Energy traders who wait for a key government weather forecast each day could get a jump on the news thanks to a new product from WSI Corp. that predicts an hour ahead of time what the government model will reveal. Andover, Mass.-based WSI launched WSI MarketFirst toward the end of 2006. The solution is designed to predict the results of the Global Forecasting System (GFS) model's forecast.
The National Weather Service runs the GFS model four times a day. The noon report forecasts the weather for the entire U.S. for the next 15 days.
"The GFS model, when it comes out around lunchtime, can be a market mover in the natural gas and energy market," explains Ira Sharf, WSI's VP of energy services. Like the Federal Reserve Bank's decisions to raise or lower interest rates, "It's a piece of information that comes out on a daily basis, and all the traders are sort of hanging on this information," he relates. "If the model run that comes out at noon differs significantly in its forecast for the next week or two weeks from what it said 12 hours ago, the price of natural gas could be expected to jump."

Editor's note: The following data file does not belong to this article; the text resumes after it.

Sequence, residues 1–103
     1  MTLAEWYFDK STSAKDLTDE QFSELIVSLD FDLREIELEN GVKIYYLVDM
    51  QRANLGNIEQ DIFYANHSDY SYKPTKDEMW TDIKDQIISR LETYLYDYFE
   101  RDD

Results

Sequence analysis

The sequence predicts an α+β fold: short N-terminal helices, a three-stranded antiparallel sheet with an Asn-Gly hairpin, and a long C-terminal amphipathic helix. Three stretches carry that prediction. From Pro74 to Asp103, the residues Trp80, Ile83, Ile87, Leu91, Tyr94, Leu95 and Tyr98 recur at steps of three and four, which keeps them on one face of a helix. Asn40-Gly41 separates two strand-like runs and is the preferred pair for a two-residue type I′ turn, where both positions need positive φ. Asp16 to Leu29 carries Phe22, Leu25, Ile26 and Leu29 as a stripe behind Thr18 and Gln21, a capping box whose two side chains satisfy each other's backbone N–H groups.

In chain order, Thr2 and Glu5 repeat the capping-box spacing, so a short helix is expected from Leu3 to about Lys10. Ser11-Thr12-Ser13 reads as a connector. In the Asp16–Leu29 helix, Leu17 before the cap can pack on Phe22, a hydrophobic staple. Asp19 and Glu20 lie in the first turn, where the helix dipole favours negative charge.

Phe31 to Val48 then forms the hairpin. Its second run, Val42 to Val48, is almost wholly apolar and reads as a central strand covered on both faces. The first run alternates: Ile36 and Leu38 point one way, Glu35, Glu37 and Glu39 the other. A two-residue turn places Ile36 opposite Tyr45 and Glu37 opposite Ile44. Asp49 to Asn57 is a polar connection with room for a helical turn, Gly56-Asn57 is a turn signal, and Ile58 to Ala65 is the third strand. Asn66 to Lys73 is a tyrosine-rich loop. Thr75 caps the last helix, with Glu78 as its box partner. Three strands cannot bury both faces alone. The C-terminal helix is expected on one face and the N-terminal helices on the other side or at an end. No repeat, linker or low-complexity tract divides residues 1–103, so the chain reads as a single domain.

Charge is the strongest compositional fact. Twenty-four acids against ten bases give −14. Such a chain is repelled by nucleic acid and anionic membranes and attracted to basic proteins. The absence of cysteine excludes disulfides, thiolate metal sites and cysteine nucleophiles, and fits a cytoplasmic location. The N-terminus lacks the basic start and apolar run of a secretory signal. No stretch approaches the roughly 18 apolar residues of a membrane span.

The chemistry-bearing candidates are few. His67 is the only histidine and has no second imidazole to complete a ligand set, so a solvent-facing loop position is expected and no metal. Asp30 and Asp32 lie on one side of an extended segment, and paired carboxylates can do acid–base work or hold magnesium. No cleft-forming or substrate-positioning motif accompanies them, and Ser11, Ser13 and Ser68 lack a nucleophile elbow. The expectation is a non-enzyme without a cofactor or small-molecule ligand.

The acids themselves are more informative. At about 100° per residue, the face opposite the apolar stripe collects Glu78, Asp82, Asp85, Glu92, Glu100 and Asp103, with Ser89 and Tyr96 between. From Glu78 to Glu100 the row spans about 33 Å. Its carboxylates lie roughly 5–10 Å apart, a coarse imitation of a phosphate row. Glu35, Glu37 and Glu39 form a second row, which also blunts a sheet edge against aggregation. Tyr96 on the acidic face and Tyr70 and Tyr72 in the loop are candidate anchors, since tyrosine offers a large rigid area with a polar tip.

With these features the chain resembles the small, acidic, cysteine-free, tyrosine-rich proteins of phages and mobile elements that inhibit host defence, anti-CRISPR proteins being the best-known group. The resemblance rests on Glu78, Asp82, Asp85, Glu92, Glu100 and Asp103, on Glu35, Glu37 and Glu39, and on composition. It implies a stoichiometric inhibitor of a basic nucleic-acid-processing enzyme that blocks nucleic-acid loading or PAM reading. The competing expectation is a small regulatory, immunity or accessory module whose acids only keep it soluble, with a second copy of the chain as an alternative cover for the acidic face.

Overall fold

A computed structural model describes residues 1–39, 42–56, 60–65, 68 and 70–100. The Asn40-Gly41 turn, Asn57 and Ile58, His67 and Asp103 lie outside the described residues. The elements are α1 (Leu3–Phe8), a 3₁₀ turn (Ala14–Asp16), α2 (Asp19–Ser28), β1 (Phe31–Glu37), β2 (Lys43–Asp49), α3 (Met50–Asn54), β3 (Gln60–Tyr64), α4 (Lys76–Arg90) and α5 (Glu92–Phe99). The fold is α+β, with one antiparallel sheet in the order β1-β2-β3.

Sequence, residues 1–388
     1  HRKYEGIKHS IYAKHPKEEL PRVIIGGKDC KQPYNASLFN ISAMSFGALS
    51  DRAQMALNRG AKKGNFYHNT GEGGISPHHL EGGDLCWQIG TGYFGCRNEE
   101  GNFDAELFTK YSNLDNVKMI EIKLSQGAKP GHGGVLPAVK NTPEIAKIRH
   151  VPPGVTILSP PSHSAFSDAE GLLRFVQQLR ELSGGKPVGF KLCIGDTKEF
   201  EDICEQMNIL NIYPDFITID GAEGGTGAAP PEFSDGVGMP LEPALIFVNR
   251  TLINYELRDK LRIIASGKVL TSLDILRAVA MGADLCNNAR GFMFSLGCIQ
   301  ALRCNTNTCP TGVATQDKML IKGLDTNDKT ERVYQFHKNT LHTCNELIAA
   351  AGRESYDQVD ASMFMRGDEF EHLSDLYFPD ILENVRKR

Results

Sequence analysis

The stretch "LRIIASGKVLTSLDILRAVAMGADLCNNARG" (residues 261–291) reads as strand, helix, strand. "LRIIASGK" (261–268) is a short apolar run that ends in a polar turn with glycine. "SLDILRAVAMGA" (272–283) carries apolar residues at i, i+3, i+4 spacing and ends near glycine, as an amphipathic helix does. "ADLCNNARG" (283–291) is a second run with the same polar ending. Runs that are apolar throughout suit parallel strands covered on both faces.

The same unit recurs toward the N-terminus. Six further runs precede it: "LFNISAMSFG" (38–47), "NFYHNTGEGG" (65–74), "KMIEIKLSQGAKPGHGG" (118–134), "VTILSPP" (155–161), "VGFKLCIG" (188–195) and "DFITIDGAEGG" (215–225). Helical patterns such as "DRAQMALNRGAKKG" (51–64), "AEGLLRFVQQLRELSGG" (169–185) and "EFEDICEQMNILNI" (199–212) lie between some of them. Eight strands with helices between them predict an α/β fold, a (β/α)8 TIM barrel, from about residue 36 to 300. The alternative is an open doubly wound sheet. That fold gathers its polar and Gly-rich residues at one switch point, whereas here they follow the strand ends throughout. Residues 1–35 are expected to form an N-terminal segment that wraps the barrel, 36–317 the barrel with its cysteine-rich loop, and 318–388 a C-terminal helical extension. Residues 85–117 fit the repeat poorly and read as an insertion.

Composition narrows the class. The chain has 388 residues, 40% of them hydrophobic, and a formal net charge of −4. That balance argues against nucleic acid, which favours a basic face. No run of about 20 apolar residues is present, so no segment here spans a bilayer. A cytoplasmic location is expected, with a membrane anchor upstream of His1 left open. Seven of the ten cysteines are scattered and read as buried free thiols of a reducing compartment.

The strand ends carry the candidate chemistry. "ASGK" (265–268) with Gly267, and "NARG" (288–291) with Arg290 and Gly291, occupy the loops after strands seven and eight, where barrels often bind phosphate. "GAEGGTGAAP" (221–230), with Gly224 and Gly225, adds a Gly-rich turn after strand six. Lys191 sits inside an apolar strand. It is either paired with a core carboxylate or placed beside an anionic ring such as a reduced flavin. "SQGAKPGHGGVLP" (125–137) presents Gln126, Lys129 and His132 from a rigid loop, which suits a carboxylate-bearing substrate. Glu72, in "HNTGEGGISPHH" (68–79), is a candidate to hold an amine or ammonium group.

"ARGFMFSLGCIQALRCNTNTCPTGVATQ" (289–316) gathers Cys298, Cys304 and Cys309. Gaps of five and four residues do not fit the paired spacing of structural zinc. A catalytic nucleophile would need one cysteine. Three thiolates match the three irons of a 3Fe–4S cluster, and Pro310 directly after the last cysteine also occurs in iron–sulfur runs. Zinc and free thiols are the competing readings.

According to Sharf, MarketFirst provides a prediction of the noon GSF forecast at 11 a.m., an hour before the GSF results are available. The product is composed of individual forecasts for each day, from day 6 to day 15, as well as two aggregate forecasts for days six through 10 and days 11 through 15.
In presenting its predictions for the GSF model results, WSI divides the results into three confidence levels: high confidence, moderate confidence and regions where it has no prediction. In the regions where it has high confidence - which make up 40 percent of the map on any given day - WSI is right 80 percent of the time, contends Sharf.
Ivy is Editor-at-Large for Advanced Trading and Wall Street & Technology. Ivy is responsible for writing in-depth feature articles, daily blogs and news articles with a focus on automated trading in the capital markets. As an industry expert, Ivy has reported on a myriad ... View Full Bio